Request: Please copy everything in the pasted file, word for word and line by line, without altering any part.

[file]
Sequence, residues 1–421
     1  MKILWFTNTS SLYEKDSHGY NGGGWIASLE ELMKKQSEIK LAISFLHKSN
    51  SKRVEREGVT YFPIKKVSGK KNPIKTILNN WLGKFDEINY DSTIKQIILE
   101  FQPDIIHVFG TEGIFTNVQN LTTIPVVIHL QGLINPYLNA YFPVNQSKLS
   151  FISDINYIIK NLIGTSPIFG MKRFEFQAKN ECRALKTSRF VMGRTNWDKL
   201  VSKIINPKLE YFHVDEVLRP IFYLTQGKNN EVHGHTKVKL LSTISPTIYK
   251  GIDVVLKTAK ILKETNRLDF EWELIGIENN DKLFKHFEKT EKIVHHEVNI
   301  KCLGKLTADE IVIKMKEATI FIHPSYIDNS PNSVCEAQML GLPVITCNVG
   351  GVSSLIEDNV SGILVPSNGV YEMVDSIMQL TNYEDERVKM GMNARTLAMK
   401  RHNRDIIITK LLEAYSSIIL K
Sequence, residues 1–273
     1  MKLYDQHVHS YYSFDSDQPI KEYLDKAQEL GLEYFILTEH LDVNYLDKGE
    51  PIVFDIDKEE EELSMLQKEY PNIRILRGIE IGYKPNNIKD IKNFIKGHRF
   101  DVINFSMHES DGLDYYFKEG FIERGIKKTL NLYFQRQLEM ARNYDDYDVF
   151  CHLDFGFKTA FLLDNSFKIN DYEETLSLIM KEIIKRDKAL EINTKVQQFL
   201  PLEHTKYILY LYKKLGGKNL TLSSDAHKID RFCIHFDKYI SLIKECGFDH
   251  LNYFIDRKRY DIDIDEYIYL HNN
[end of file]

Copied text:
Sequence, residues 1–421
     1  MKILWFTNTS SLYEKDSHGY NGGGWIASLE ELMKKQSEIK LAISFLHKSN
    51  SKRVEREGVT YFPIKKVSGK KNPIKTILNN WLGKFDEINY DSTIKQIILE
   101  FQPDIIHVFG TEGIFTNVQN LTTIPVVIHL QGLINPYLNA YFPVNQSKLS
   151  FISDINYIIK NLIGTSPIFG MKRFEFQAKN ECRALKTSRF VMGRTNWDKL
   201  VSKIINPKLE YFHVDEVLRP IFYLTQGKNN EVHGHTKVKL LSTISPTIYK
   251  GIDVVLKTAK ILKETNRLDF EWELIGIENN DKLFKHFEKT EKIVHHEVNI
   301  KCLGKLTADE IVIKMKEATI FIHPSYIDNS PNSVCEAQML GLPVITCNVG
   351  GVSSLIEDNV SGILVPSNGV YEMVDSIMQL TNYEDERVKM GMNARTLAMK
   401  RHNRDIIITK LLEAYSSIIL K
Sequence, residues 1–273
     1  MKLYDQHVHS YYSFDSDQPI KEYLDKAQEL GLEYFILTEH LDVNYLDKGE
    51  PIVFDIDKEE EELSMLQKEY PNIRILRGIE IGYKPNNIKD IKNFIKGHRF
   101  DVINFSMHES DGLDYYFKEG FIERGIKKTL NLYFQRQLEM ARNYDDYDVF
   151  CHLDFGFKTA FLLDNSFKIN DYEETLSLIM KEIIKRDKAL EINTKVQQFL
   201  PLEHTKYILY LYKKLGGKNL TLSSDAHKID RFCIHFDKYI SLIKECGFDH
   251  LNYFIDRKRY DIDIDEYIYL HNN